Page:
Give students an opportunity to clarify and define their team project to ensure a shared understanding of what is required and to start planning. For example, they may be asked to work together on the following questions:
Written ground rules or contracts help students manage team processes and resolve difficulties. Either provide them with ground rules, or ask them to add to your list of ground rules, or ask them to negotiate their own. Examples include:
Additions you might ask teams to negotiate for themselves might include:
If you would like to make ground rules more official, ask students to sign a written version of their team’s ground rules in the form of a team contract. This helps students make a commitment to the rules. Team contracts are particularly useful for long-term projects where students are expected to complete work outside class time.
It can be very useful for students to review their ground rules or team contract regularly to ensure they are staying on track and making progress. In some cases, students might revise the contract or rules to accommodate changes in the project or unexpected developments.
With team work, students learn how to organize and function effectively in meetings, if they don’t already know. Helping students set guidelines for team meetings shows them what is involved in the organization, structure, conduct and follow-up of meetings. In addition, it can significantly affect the success of their group and the quality of group projects.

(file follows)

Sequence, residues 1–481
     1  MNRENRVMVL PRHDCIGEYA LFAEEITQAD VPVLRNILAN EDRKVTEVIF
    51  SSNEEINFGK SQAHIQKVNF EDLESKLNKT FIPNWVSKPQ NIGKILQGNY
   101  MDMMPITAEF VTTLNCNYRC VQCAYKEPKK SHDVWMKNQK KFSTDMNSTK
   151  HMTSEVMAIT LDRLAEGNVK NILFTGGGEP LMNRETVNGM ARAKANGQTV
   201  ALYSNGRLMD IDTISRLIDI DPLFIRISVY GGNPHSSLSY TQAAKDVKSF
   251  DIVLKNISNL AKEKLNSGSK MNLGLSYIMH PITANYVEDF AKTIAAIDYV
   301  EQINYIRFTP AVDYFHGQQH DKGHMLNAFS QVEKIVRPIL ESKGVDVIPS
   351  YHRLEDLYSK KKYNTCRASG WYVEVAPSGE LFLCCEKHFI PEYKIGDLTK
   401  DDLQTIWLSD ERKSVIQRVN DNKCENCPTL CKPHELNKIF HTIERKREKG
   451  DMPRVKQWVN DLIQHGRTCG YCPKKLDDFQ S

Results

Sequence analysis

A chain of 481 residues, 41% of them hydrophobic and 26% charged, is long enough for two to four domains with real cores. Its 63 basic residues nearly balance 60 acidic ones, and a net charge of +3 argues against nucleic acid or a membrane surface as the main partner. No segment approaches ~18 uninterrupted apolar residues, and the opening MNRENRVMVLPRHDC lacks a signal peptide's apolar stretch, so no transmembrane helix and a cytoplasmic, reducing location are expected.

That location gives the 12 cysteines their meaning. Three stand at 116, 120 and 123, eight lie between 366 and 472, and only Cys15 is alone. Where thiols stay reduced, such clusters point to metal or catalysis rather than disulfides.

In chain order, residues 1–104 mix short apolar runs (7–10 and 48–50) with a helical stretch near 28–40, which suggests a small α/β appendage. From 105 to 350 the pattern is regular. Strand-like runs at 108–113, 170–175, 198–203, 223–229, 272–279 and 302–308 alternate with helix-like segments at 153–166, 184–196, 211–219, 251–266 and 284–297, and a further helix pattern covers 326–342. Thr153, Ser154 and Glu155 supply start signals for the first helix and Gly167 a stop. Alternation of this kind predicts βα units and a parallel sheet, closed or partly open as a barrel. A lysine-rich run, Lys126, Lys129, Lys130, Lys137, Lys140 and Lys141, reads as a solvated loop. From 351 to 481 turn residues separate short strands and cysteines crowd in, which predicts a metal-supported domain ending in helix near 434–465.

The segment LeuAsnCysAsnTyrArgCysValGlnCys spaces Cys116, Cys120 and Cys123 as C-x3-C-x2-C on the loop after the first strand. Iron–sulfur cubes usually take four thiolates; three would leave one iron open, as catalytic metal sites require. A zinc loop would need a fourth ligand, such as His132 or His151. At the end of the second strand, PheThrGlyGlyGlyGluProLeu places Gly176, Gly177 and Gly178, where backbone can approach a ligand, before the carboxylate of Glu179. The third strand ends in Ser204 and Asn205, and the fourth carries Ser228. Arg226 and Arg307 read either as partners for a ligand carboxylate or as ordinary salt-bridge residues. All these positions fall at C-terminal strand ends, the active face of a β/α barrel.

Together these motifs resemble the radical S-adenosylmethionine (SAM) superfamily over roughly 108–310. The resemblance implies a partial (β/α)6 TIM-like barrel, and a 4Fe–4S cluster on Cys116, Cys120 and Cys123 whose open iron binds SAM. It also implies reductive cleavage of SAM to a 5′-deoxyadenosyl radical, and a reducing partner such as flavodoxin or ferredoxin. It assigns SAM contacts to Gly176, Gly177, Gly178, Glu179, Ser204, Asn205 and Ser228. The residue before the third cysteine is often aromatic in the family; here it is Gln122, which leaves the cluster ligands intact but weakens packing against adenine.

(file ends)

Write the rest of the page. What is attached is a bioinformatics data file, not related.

A set of guidelines for meetings might include the following headings:
The following handout outlines the components of a typical meeting agenda. This can help students create their own agendas and learn how to conduct effective meetings.
What is a meeting agenda?
The meeting agenda is a roadmap for the meeting. It tells participants where they’re headed to help them stay on track. One of the main purposes of a meeting agenda is to give a sense of purpose and direction to the meeting. Typical components of a meeting agenda include:
(Adapted from G. Gibbs (1994), Learning in Teams: A Student Manual, Oxford, Oxford Brookes University, Oxford Centre for Staff, p. 9.)